The First Continental Congress met in Philadelphia from September 5 to October 26, 1774. Representatives came from all the American colonies except for Georgia to protest some recent laws that had been passed by the British, such as the Administration of Justice Act and the Boston Port Bill, which closed off the Port of Boston. The colonists referred to these laws as the "Intolerable Acts." With Patrick Randolph of Virginia acting as president of the First Continental Congress, the colonists made several significant proposals to the British government.

Suffolk Resolves

One of the first proposals made during the First Continental Congress was the Suffolk Resolves. This plan called for the colony of Massachusetts to stockpile military arms and boycott British goods as a protest against the Intolerable Acts. Proposed on September 9 by Dr. Joseph Warren, it passed on September 17 as a bold stand against British authority. Included in the Suffolk Resolves was a powerful pronouncement that the colonists would not pay allegiance to King George III as long as he ignored their demands.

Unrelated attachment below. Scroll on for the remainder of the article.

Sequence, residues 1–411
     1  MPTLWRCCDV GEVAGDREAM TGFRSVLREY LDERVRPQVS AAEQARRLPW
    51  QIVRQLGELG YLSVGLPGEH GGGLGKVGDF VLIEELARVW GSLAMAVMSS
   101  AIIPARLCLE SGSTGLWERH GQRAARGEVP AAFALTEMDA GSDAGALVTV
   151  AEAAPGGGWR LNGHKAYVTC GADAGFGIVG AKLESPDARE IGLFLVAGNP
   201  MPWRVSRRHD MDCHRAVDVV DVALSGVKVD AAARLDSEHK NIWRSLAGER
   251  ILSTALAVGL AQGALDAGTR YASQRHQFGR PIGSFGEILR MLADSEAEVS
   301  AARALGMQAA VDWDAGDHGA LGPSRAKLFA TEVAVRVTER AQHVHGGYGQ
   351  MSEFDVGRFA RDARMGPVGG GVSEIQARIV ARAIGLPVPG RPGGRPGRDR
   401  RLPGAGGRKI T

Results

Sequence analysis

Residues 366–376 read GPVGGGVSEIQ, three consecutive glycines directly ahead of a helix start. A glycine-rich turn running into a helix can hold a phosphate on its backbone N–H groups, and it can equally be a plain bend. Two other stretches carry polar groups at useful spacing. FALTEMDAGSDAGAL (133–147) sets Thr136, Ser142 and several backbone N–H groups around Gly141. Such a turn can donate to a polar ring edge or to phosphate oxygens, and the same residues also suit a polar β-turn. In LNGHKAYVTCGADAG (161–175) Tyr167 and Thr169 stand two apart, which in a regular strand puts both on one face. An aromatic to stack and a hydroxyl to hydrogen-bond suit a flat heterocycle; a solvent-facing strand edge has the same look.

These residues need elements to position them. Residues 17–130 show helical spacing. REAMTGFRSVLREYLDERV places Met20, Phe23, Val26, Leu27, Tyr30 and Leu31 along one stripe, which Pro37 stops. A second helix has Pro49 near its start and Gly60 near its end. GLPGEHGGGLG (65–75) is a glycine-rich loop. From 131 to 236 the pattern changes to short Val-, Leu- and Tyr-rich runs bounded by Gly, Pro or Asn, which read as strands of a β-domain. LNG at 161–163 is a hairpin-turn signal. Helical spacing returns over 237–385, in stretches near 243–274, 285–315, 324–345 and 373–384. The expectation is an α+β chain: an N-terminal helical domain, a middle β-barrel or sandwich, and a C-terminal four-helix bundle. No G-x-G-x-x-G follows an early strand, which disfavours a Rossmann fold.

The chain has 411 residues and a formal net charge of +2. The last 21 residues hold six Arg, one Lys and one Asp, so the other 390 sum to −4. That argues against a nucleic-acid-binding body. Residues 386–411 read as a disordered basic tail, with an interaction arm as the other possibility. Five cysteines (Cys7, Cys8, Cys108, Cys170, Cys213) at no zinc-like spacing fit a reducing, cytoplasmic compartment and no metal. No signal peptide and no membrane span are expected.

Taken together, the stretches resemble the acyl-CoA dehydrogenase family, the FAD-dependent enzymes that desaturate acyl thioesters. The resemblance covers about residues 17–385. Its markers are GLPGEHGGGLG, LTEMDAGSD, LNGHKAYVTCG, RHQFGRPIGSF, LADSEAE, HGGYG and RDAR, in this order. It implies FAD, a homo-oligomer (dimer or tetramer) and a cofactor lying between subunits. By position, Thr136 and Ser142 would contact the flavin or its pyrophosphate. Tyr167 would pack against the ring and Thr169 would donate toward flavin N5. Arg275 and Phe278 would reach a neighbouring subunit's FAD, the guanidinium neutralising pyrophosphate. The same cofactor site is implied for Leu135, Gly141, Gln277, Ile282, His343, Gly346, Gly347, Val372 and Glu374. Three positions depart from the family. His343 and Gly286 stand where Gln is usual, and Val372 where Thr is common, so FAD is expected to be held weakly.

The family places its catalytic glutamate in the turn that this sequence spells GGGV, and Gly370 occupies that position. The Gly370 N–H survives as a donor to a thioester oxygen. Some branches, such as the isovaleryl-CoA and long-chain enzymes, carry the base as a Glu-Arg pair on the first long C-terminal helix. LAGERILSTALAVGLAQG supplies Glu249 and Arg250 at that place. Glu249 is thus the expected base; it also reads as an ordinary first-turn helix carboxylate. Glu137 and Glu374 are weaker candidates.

Declaration of Rights

The colonial leaders drafted the final version of their Declaration of Rights on October 14, 1774, offering a formal proposal to King George III detailing their requirement for him to recognize their rights. They declared their right to set their own taxes in the colonies and detailed the reasons for their rebellion, including the Boston Port Act and the Quebec Act. The Declaration of Rights announced their right to life, liberty and property.

Articles of Association

Members of the First Continental Congress adopted the Articles of Association on October 20, which threatened an embargo against English goods. The colonists told the British Parliament that they would discontinue trade with England until the Intolerable Acts were revoked. The colonists' policy of "continental association" meant that colonists would not purchase British goods and would not trade with British companies. A boycott of British goods would take effect in December 1774 if the king did not agree to their demands; an embargo on exports to Britain, in September 1775.

Plans for Future Meeting

The colonial representatives concluded the First Continental Congress with a plan to meet again in May 1775 if the British refused to revoke the Intolerable Acts. King George III did refuse to repeal the laws, eventually leading to the American Revolutionary War. By the time the colonists convened the Second Continental Congress, the war with Britain had already begun.